We then found a good softserve place in Calabar. The ice cream you see, it was about $1.50, which is expensive, but it was good. The funny thing is that we came back the next day and they guy said the price was now $2. We questioned it and he said that his boss decided that too many people were getting that size, so he raised the price. We then left without our day's ice cream.
While at Afi Mountain, we cooked for the first (and second) times in all of Africa. Not very exciting--pasta with chickpeas and onions--but we ate a pound of pasta between the two of us, so at least we had a lot of it.
Foods of Nigeria are now complete. We did not bring you any pictures from expensive restaurants because we did not eat in any expensive restaurants. Most food in Nigerian restaurants costs about the same as American restaurants for those who are curious. That was too much for our wallets.

Nigerian food definitely continues on the West African continuum, but by the time we got to southern Nigeria, there was starting to be less manioc/yam. That carries on through Cameroon. The meat on a stick changes a bit, but the grilled meat also starts becoming more popular.

Wednesday, May 26, 2010

Where the Wild Things Are: Nigeria

Depending on how hardcore of an animal watcher you are, you may love or hate this post. If you refuse to go to zoos, skip this post. If you enjoy seeing well-taken-care-of wildlife, even if in a somewhat zoo-like setting, read on.

In Nigeria, a couple of organizations run programs to rehabilitate different types of primates that have been orphaned or were formerly pets. The biggest of these organizations is Pandrillus, an organization started by two somewhat crazy Americans who fell in love with a monkey called a drill, the most endangered primate in the world (and aclose relative of the more colorful mandrill). The program has spent the last 25 years preparing to release groups of drills back into the wild. We visited their headquarters in Calabar, as well as their "bush" location in the rainforest about five hours away. Here are some wildlife pictures from that outing.

People often bring injured animals to the center, even if it is supposed to be for primates. In this case, they were given a bushbuck, which is a type of antelope. This one was almost ready to be released again, but he discovered that I was a natural salt lick with all my sweat.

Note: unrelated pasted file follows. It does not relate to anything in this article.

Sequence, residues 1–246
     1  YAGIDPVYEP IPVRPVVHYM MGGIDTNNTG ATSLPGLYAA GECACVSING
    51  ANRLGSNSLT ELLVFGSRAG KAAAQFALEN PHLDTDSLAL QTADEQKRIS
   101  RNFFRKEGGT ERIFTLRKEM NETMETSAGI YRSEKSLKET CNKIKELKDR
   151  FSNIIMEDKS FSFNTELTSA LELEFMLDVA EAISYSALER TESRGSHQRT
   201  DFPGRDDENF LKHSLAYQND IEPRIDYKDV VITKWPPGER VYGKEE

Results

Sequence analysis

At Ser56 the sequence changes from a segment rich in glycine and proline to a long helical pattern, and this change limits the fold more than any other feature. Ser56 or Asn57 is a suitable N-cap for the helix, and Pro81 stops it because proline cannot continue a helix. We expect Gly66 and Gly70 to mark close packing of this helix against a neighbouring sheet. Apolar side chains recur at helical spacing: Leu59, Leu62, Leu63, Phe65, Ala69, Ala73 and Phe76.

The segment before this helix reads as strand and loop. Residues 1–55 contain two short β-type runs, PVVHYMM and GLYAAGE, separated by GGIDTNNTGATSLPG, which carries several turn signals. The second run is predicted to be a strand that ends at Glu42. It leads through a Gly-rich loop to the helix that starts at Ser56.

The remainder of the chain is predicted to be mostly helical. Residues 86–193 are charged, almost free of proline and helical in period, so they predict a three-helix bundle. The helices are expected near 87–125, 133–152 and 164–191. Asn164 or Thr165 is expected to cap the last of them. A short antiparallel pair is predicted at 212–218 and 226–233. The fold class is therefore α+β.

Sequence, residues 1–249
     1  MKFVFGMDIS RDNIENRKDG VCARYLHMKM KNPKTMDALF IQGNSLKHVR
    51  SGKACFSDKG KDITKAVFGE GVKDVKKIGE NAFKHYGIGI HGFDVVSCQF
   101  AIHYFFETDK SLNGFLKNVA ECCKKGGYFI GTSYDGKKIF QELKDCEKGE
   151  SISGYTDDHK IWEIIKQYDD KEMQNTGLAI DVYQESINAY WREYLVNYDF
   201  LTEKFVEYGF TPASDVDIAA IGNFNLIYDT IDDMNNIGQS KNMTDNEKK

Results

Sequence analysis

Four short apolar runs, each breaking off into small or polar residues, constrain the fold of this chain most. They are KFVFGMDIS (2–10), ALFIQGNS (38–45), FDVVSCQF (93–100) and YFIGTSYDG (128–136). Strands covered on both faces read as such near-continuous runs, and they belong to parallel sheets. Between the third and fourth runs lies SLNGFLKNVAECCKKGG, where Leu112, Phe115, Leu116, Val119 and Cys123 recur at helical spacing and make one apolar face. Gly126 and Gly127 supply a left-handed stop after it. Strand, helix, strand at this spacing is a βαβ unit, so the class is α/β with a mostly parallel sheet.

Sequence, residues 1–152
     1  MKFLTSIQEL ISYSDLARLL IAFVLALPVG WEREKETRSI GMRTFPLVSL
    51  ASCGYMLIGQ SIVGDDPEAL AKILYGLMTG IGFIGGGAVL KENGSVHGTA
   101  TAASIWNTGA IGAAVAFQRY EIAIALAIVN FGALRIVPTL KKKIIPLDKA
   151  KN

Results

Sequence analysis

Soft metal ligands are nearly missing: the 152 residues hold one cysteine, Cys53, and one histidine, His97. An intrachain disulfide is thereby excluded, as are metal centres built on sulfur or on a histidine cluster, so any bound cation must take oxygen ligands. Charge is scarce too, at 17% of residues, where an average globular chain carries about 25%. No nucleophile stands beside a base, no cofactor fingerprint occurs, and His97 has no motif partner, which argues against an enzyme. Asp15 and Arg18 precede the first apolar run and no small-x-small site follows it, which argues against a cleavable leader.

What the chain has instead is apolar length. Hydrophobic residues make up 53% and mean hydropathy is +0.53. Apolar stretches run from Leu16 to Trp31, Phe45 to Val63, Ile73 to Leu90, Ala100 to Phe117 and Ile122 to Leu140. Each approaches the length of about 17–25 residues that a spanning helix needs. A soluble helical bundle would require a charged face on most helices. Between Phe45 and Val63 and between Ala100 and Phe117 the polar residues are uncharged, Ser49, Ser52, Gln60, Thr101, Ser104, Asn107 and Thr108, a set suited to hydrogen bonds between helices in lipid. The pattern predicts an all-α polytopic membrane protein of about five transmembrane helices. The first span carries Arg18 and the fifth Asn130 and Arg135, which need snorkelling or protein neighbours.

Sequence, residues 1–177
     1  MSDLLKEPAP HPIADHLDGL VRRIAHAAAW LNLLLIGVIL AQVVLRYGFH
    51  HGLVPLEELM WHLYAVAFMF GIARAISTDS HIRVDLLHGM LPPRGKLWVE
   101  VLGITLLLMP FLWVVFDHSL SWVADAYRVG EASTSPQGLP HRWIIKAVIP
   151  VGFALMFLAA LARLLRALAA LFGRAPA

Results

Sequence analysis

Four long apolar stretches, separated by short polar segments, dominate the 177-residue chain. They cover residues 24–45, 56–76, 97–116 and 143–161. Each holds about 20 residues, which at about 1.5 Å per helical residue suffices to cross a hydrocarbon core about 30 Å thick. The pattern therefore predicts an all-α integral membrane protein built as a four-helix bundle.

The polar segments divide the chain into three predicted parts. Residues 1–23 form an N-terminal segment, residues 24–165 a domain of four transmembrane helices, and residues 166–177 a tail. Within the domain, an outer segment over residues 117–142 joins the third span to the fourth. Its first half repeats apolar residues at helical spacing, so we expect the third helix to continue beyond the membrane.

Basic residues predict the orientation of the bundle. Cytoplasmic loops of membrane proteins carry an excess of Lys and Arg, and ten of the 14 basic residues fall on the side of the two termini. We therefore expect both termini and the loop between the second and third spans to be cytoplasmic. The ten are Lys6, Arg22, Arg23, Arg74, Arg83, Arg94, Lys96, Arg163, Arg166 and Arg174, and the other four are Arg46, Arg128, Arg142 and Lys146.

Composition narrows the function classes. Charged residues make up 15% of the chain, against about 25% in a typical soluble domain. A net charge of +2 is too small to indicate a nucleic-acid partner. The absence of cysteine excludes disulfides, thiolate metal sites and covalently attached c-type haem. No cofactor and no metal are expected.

At Afi Mountain, Pandrillus's land in the "bush," butterflies abound, and I love taking butterfly pictures. Here is a nice blue one that we'll call Butterfly Cordon Bleu.
Afi Mountain has six different groups of drills, each with 15 to 125 individuals. Each of these groups has a dominant male and many less-than-dominant males. The dominant male can often be found sitting around like this one. The less dominant ones are constantly watching their backs.
Also, becoming the dominant male apparently causes hormonal changes that make your face get wider, your shoulders broaden, and your butt turn amazing shades of blue and pink. This all happens within a couple months of becoming alpha male.
Can't forget the mom and baby drills. This baby is a few weeks old and spends most of its time attached to mama.
The face of a drill looks almost like a mask, and you can certainly see how it would inspire native masks. This is also the dominant male, around ten or twelve years old. Drills live to be about 25 or 30 if lucky, but the older males live on the fringes of the main groups, with the dominant males not really fond of them.
Pandrillus also cares for chimps, most of whom started out as pets in terrible conditions. Unfortunately, chimps can't be released into the wild once accustomed to humans or they will simply run to the first house that they find to look for food. This guy is named Pablo, and he was confiscated being shipped to Asia 20 years ago. He was in a tiny box with no air that caused him to have a stroke, but he has largely recovered. He is a subspecies of the Eastern Lowland Chimp, and is a fun gray color, making him seem very old and wise.
While hiking in the woods one morning and looking for birds (I didn't see a single one), I was forced to amuse myself with these interesting fruits that grew directly on the tree. They would fall off and start to rot, where they would be eaten by animals.
It will shock our regular readers that I next turned to fungi for consolation. Here are some tiny tree-like 'shrooms. Probably not edible.
The camp had two African Grey Parrots that had been either confiscated or given to them. Both were unable to fly, so they would hop all over. These parrots have the best vocal cords of any animal except man. These spent most of their time imitating the noises of the jungle.
They had some big millipedes in he rainforest. If Tara wasn't careful, I might be digging one like this out of her scalp soon. Just kidding--these are harmless.
Look! More fungus! Such a nice orange color.
We have seen tons of termite mounds, most impressively tall. Termites in Nigeria prefer the understated, though, so they build mounds that are only about a foot tall but are an excellent shape. Almost like a mosque, so we'll say that in Nigeria, the termites have been converted to Islam.
Another nice butterfly. And it really didn't want to open its wings for a picture. Drills will sometimes eat butterflies and other insects.
What kind of crazy fungus is that?
Red butterflies are always eyecatching. Once they catch my eye, I try to catch them with the camera, but that is a harder task. After a bunch of tries, I finally got a picture.
Here is Tara in the hut that we stayed in at Afi Mountain. Fairly large. Apparently, the Nigerian government helped to build them a few years ago. The government is also supposed to help fund the organization, but somehow the money keeps disappearing. In Nigeria, this type of corruption is called "chopping" which is slang for eating. The money is eaten before it gets to where it is going...